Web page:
Education at the Memorial - A Different Story
So often in the study of history it is easy to get caught up in the “big” events, or the story that has most struck a chord in the social consciousness. Sadly that often means that fascinating people, events and moments in time can go virtually unexplored. Maybe in the mystery or excitement of exploring something that is the lesser known story, we can inspire people and challenge them to get passionate about history.
As Europe moved ever closer to war from the end of July 1914, Germany’s presence in the Pacific was of increasing concern to Australia. Ships of the German East Asiatic Cruiser Squadron patrolled the area, and German troops occupied bases in Tsingtao in China, the Marshall and Caroline Islands, Samoa, the Admiralty Islands, and New Guinea.
Allied attacks were ordered on Germany’s Pacific territories to disable and capture radio-stations. To this end, the Australian Naval and Military Expeditionary Force (AN & MEF), made up of 500 naval reservists and 1000 infantrymen departed from Sydney on 19 August 1914. Four Australians lost their lives in the action that followed around Kabakaul, New Britain; the first Australian losses of the war.
Captain Brian Colden Antill Pockley, born 4 September 1890 in North Sydney, studied medicine at Sydney University and went on to work as a medical practitioner. In August 1914, aged 24, he enlisted in the Australian Army Medical Corps. By 18 August he had been appointed a Captain. He left Australia with the AN & MEF the following day.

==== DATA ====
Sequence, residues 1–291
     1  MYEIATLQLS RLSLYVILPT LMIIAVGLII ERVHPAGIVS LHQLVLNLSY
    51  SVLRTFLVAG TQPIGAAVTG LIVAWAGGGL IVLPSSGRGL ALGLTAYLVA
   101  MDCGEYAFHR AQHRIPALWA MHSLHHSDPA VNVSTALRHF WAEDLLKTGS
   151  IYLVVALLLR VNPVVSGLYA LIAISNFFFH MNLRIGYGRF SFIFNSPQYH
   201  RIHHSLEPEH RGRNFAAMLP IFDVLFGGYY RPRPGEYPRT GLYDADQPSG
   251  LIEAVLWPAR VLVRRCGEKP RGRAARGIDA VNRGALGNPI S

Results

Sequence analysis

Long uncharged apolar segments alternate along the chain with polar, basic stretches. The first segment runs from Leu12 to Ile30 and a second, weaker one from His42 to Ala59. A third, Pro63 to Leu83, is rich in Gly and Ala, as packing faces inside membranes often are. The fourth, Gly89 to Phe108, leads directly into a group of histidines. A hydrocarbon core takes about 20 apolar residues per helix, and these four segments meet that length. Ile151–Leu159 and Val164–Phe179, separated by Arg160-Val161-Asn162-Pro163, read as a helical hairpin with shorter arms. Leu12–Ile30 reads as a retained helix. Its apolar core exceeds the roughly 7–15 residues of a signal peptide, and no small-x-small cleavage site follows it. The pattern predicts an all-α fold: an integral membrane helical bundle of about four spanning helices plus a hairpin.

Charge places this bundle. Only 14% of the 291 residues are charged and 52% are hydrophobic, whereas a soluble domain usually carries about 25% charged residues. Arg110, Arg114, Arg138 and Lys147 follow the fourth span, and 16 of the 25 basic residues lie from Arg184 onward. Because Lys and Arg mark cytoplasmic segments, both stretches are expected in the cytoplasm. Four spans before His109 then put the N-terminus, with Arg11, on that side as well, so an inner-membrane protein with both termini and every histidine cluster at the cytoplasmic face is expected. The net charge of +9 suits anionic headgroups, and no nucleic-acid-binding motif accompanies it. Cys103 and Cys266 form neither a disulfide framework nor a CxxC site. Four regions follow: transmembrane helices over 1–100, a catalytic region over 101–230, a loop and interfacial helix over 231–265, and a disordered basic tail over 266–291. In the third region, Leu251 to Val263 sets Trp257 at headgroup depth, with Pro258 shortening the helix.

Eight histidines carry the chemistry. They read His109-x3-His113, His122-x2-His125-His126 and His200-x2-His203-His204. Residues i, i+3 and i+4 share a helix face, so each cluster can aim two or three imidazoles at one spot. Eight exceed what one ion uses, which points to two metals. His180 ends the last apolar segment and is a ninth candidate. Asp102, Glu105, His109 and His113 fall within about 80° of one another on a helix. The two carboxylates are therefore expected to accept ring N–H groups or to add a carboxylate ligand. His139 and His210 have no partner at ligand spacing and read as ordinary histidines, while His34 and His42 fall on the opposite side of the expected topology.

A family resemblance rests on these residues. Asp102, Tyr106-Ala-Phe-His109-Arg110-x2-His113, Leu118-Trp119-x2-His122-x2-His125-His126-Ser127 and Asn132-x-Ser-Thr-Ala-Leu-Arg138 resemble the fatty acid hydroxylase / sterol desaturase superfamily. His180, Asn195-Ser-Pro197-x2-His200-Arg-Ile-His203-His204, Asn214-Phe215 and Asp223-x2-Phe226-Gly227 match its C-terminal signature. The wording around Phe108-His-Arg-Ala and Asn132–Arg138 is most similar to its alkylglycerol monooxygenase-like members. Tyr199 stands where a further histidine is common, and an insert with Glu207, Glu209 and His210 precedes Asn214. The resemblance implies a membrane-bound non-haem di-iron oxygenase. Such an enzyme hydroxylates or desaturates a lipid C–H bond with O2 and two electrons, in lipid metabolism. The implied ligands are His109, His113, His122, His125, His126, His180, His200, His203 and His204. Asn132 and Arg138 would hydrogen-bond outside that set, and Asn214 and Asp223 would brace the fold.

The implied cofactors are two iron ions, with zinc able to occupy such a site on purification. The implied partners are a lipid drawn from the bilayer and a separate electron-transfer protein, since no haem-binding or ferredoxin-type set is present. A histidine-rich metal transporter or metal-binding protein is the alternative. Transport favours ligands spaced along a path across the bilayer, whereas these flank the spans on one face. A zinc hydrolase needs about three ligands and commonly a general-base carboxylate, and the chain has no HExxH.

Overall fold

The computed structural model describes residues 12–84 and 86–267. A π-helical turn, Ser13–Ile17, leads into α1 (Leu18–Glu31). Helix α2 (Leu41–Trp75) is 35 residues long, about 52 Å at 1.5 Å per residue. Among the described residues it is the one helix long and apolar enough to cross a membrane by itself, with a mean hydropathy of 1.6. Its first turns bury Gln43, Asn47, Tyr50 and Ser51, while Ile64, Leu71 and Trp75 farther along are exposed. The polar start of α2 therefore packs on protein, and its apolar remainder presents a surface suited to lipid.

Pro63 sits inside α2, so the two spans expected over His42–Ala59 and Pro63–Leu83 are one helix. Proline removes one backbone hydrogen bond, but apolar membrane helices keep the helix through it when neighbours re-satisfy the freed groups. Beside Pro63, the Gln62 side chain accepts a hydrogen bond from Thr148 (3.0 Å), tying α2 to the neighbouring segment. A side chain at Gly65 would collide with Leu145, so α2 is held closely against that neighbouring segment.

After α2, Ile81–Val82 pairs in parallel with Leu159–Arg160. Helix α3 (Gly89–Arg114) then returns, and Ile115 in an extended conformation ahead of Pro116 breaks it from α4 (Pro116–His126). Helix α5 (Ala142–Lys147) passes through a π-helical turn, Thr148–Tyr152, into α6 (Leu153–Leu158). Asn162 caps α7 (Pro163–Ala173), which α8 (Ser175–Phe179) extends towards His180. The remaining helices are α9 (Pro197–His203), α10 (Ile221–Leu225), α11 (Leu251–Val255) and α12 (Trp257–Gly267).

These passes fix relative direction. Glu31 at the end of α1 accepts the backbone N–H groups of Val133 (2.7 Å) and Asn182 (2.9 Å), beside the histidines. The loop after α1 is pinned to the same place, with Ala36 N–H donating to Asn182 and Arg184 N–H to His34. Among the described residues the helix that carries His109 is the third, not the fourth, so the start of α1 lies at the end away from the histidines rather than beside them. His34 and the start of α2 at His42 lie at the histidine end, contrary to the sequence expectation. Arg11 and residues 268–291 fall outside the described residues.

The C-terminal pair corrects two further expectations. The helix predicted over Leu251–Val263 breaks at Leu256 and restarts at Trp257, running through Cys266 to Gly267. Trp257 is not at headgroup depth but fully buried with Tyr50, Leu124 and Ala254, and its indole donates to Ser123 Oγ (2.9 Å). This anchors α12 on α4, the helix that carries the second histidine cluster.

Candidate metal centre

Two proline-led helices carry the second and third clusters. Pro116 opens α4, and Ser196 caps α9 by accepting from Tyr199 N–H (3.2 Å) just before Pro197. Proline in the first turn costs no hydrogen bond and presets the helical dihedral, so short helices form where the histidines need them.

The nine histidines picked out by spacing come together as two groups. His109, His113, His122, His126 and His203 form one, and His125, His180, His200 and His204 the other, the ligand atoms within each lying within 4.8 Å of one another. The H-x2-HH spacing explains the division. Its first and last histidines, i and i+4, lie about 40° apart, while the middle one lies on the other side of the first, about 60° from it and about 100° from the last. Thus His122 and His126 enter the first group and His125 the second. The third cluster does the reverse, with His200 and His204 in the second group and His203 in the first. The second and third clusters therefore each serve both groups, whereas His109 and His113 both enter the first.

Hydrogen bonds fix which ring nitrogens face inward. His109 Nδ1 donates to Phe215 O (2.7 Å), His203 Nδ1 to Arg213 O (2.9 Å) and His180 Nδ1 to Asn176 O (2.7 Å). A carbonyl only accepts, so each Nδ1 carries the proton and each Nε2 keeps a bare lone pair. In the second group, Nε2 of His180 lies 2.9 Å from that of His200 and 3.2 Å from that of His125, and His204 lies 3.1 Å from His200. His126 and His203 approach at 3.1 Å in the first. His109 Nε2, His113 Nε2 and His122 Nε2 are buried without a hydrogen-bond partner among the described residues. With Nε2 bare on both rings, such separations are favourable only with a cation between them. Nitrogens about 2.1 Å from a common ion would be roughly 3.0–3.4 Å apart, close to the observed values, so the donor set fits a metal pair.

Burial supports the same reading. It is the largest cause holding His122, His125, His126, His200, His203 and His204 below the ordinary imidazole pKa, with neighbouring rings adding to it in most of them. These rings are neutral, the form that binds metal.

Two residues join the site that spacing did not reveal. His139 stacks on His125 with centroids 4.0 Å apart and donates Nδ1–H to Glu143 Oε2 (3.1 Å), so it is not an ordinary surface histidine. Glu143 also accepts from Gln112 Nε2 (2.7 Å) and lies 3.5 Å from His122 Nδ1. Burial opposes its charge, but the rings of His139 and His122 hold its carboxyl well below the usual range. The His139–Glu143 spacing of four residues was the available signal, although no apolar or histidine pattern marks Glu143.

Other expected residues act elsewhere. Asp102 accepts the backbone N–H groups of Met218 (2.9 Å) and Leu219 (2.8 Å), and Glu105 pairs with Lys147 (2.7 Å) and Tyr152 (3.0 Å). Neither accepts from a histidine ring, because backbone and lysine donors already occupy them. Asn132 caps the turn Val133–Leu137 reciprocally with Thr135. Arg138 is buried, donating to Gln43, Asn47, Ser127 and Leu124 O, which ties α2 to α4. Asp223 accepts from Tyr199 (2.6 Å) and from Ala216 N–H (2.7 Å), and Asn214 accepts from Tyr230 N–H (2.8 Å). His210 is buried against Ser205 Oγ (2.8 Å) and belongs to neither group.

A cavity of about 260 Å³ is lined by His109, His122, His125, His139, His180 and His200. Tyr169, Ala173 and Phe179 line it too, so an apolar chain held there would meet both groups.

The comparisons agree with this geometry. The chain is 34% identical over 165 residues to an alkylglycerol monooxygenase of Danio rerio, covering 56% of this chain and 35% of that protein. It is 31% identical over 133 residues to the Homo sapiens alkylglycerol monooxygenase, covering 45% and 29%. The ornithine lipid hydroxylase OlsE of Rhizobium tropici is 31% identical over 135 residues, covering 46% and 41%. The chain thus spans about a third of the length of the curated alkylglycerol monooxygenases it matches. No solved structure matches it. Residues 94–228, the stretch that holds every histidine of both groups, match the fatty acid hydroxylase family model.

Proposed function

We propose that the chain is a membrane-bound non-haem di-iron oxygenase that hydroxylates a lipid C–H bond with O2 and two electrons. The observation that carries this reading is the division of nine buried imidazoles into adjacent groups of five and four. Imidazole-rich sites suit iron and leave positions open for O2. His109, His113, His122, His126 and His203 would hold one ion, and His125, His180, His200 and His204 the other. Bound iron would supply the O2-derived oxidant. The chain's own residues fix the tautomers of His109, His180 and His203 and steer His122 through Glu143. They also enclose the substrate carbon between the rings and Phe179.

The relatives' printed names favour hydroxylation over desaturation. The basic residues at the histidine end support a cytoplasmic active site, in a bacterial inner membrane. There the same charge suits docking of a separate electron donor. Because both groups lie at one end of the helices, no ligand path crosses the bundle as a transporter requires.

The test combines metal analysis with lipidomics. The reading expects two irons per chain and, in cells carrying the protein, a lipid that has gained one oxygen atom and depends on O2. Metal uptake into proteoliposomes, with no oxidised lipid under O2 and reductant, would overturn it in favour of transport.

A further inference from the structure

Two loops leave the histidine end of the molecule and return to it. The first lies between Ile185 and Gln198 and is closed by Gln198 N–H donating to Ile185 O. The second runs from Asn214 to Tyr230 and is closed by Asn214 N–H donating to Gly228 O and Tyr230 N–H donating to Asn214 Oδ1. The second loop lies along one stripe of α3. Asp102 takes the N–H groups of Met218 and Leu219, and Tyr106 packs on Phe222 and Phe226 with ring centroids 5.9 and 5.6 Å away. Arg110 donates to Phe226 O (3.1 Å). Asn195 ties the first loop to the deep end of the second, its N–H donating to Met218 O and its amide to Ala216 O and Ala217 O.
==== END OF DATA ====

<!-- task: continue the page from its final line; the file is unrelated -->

The island of New Britain formed part of the German colony of New Guinea, and the Expeditionary Force planned to sever communications between the island and the German Pacific fleet. On 11 September, Australians initially faced strong resistance from German soldiers in the thick jungle around Bitapaka. The wireless station was eventually captured and destroyed, but three sailors and an army doctor had lost their lives by nightfall.
Able Seaman William Williams was shot in the stomach. Pockley handed his Red Cross armband to another naval serviceman to get Williams safely to the rear. Shortly after, Pockley was also shot. Pockley and Williams were taken back to HMAS Berrima but both died on board that afternoon.
Historian S.S. Mackenzie later wrote, “Pockley’s action in giving up his Red Cross badge, and thus protecting another man’s life at the price of his own, was consonant with the best traditions of the Australian army, and afforded a noble foundation for those of [the] Australian Army Medical Corps in the war”.